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Our Stories
Lianne Boyd graduated at the top of her grade twelve class from Laurier Secondary School. Lianne is well spoken and enthusiastic. She's one of 2007's E.C. McTavish Award winners sponsored by the Ontario Secondary School Teachers Federation. Lianne's story reads like a classic of the average young adult. But there's nothing average about her. Judy Johnson, Lianne's guidance counselor at Laurier says, "In grade nine Lianne came to us with serious emotional issues that prevented her from completing her year. She had trouble in grade ten and then missed a lot of credits in grade 11. But she never gave up. She went to summer school, made up the credits and now she's on the honor roll! She's determined, personable, outgoing, and she has a good sense of justice." Lianne was chosen by teachers at Laurier to receive the E.C. McTavish Award because she "exemplifies a student who has done her best while overcoming some significant difficulties." Many can't even begin to imagine the hardships she confronted at such a young age. Growing up, Lianne's home life was chaotic and characterized by violence, physical and sexual abuse. There is a history of mental health challenges within the family and by the time she was in grade seven, Lianne had lost all self-esteem. "I always thought I was useless," says Lianne. Her circumstances were dictating her future. She spent time in Children's Hospital because she started cutting herself in a desperate attempt to relieve her own stress. She was in and out of London Psychiatric Hospital (LPH) and was suspected to suffer Bi-Polar Disorder. To stabilize her moods she was given medication. More than once she has tried to overdose with pills. But after her last suicide attempt she had a revelation. While recovering in hospital, Lianne shared a room with a thirteen-year-old girl battling cancer. "That gave me a reality check. Here she was with no choice at all about her life, and I had put myself in the hospital. I decided right then something had to change." Lianne credits her teachers at LPH as well as counsellors at Vanier with helping put her life back on track. At LPH she received one on one teaching. It allowed her to gain confidence and realize she was neither stupid nor useless. She took advantage of counselling at Vanier for a year. Talking to others gave her the courage and tools she needed to confront the challenges in her life and move forward with optimism and hope. The most significant person in Liannes' life has been Lianne herself. She is exceptional in her capacity for self-awareness and self-direction. It is clear she will pursue her ambitions and succeed. With determination like she has shown, anything is possible.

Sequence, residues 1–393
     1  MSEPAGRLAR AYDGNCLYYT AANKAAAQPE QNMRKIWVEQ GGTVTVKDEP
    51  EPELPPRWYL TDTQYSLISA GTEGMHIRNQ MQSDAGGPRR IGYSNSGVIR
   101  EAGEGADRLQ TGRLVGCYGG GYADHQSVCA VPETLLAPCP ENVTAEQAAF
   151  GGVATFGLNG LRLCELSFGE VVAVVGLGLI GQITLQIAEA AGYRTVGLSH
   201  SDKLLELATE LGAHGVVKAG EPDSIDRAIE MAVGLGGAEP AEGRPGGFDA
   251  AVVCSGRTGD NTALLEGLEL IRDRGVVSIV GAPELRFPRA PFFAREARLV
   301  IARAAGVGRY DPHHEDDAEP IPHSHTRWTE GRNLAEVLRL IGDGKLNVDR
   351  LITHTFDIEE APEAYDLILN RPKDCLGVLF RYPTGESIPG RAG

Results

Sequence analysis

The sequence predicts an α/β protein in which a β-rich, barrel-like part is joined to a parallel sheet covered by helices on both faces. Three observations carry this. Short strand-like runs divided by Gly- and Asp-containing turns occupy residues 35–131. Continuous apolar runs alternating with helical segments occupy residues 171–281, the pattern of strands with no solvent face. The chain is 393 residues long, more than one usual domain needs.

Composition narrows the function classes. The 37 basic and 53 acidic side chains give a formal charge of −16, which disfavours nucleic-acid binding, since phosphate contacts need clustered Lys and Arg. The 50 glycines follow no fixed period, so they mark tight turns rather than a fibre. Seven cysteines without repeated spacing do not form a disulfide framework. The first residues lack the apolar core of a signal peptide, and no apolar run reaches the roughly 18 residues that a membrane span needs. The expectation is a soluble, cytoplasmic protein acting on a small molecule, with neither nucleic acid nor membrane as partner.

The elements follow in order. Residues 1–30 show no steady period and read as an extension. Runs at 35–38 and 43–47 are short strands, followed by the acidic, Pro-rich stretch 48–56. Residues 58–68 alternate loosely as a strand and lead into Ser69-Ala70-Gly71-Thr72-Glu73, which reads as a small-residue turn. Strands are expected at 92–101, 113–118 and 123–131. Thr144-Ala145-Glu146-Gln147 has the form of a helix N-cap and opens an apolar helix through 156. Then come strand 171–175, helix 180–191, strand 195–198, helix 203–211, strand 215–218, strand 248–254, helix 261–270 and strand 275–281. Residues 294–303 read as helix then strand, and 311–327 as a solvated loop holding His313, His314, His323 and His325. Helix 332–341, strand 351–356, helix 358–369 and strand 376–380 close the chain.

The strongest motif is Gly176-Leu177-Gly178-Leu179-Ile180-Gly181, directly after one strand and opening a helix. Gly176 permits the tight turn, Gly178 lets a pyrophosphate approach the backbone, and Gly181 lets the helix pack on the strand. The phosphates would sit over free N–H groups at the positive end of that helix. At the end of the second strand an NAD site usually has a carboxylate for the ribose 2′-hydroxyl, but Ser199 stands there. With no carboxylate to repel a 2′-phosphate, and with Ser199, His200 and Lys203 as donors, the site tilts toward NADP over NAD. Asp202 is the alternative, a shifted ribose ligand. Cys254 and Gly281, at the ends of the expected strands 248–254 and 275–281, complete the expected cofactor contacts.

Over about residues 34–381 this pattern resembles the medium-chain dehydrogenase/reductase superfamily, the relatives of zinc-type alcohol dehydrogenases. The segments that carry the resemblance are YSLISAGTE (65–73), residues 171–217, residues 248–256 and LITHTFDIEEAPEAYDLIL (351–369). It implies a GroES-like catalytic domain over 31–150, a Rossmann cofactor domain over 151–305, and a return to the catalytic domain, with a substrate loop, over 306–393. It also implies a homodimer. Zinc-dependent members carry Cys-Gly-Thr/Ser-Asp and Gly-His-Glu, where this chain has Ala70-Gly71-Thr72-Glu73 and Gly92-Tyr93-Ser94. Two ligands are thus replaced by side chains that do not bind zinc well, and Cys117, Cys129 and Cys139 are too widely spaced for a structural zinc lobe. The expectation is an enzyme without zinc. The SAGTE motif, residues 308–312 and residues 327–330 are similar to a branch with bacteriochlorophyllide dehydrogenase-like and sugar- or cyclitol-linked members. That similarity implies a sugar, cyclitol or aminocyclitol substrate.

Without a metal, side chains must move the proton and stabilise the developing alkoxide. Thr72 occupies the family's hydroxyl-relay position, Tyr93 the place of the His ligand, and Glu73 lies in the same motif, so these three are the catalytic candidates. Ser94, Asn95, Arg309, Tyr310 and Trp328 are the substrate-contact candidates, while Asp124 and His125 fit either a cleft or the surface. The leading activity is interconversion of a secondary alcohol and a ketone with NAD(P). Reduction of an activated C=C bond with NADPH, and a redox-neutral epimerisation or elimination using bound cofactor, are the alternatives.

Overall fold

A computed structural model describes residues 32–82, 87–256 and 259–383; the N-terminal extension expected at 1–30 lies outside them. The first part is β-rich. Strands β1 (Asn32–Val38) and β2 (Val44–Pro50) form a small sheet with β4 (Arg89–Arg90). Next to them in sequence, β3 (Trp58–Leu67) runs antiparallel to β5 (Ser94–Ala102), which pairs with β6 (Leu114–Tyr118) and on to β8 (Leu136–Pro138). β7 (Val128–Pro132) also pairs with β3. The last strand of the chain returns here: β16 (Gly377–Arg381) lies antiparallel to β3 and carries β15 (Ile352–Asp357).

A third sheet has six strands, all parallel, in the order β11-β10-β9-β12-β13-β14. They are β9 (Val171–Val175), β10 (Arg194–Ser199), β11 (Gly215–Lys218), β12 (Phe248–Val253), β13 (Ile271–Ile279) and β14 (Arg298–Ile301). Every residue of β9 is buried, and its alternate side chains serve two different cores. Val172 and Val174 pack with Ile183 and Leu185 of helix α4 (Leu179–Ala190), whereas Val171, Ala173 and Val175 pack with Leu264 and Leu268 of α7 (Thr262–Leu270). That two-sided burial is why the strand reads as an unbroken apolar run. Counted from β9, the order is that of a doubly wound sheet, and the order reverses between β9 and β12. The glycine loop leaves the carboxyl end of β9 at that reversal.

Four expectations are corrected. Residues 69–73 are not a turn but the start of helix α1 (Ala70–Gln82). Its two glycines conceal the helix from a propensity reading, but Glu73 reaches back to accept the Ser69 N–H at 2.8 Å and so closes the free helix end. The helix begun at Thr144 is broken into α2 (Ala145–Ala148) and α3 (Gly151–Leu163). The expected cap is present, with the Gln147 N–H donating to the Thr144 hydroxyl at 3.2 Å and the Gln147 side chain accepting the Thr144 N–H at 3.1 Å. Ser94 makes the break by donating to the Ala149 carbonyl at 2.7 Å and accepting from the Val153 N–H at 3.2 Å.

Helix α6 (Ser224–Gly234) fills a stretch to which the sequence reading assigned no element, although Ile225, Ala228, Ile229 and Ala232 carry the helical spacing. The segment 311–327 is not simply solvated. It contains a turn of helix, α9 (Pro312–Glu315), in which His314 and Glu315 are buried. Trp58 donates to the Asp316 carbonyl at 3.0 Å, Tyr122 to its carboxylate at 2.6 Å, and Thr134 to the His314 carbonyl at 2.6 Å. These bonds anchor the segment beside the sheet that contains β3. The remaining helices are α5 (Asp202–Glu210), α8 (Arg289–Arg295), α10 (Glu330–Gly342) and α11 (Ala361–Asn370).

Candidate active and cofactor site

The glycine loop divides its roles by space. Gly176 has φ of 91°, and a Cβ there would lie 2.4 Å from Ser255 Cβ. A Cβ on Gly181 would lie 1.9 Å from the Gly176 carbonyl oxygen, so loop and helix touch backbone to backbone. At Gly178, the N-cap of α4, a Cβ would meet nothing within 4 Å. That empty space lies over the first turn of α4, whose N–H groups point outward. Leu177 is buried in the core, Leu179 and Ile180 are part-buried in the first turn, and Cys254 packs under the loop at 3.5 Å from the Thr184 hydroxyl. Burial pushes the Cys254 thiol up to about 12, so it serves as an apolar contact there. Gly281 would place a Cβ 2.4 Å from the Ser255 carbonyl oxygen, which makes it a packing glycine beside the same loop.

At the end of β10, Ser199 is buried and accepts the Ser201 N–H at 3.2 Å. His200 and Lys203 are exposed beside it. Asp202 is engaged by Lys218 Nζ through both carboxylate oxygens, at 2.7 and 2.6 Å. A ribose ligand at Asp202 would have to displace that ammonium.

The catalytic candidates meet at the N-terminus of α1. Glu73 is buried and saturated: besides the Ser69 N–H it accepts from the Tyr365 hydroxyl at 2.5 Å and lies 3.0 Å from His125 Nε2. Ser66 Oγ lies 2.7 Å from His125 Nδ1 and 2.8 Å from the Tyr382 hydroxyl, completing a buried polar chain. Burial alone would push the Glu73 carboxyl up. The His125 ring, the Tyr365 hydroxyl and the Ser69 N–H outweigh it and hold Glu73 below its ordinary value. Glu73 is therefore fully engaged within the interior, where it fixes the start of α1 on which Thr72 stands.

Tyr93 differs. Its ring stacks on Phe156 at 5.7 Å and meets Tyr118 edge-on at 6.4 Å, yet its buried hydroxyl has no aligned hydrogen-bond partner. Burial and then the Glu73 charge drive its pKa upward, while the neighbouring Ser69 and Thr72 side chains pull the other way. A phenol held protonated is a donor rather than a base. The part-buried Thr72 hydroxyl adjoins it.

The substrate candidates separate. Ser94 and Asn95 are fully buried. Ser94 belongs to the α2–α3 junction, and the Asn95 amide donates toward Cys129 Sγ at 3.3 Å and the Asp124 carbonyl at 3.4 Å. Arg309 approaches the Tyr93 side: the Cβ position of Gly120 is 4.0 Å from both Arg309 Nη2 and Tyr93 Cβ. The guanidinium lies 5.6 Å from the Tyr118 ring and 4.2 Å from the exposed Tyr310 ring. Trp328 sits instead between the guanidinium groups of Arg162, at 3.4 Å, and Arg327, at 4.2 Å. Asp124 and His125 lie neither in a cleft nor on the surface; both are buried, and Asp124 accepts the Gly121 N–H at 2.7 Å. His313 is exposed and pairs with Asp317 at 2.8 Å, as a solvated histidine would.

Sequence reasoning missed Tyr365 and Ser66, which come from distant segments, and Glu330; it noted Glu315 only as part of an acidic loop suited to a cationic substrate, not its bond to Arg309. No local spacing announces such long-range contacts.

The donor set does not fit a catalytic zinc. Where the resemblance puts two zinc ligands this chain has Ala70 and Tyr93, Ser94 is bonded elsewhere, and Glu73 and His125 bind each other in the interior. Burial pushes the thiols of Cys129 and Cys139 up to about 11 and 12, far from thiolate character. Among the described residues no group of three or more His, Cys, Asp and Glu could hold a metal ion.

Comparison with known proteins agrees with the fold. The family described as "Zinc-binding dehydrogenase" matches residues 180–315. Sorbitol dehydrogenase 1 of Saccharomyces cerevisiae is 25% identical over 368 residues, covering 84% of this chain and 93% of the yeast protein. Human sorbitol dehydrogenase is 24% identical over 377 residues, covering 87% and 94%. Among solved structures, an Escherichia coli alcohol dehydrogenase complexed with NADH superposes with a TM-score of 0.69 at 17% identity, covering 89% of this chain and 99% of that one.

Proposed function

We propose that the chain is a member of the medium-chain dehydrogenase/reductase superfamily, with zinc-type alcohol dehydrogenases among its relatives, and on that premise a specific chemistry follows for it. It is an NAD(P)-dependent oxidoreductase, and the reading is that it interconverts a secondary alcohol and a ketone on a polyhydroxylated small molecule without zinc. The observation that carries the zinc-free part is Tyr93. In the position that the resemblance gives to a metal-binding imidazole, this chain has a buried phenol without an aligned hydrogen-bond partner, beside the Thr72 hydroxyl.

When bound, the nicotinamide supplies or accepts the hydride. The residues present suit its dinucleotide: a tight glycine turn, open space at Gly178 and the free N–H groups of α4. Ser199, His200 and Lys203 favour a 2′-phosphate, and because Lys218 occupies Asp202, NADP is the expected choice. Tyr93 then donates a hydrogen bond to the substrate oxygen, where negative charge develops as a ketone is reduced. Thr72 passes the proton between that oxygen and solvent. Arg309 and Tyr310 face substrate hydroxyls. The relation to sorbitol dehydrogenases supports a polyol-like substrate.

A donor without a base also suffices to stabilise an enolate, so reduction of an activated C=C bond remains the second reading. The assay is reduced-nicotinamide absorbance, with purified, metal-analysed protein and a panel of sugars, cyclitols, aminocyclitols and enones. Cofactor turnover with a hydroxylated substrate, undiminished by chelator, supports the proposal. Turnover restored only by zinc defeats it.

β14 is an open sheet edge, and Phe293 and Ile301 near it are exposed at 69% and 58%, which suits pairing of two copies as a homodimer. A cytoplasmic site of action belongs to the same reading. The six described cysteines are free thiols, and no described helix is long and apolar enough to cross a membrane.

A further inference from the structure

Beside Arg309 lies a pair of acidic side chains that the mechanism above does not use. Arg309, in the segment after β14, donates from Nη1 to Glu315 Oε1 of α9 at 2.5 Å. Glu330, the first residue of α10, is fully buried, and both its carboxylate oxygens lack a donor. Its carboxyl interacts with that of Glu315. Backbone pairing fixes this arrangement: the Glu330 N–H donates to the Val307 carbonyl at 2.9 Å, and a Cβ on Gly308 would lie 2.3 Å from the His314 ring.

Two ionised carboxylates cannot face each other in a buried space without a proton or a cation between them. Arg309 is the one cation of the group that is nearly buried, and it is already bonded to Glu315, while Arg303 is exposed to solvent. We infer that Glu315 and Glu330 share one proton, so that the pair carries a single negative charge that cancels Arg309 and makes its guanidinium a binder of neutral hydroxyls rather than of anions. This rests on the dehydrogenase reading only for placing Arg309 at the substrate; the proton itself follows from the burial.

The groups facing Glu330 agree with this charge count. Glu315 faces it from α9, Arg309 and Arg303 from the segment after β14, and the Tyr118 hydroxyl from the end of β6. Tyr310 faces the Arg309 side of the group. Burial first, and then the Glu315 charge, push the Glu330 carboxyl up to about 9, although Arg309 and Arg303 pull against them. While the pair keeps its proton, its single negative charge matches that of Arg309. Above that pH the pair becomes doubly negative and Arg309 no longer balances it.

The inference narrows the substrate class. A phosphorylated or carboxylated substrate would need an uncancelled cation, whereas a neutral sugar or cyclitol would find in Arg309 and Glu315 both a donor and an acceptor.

Bonnie's Blog
This article, from the website "Edutopia", explains why teaching children to be kind to each other is important and how it helps prevent bullying, depressio
Spotlight On
Dr. Jeff Carter's new role at Vanier _____________________________________ Vanier is announced as Lead Agency in Middlesex County _____________________________________ Celebrating 50 Years of Ch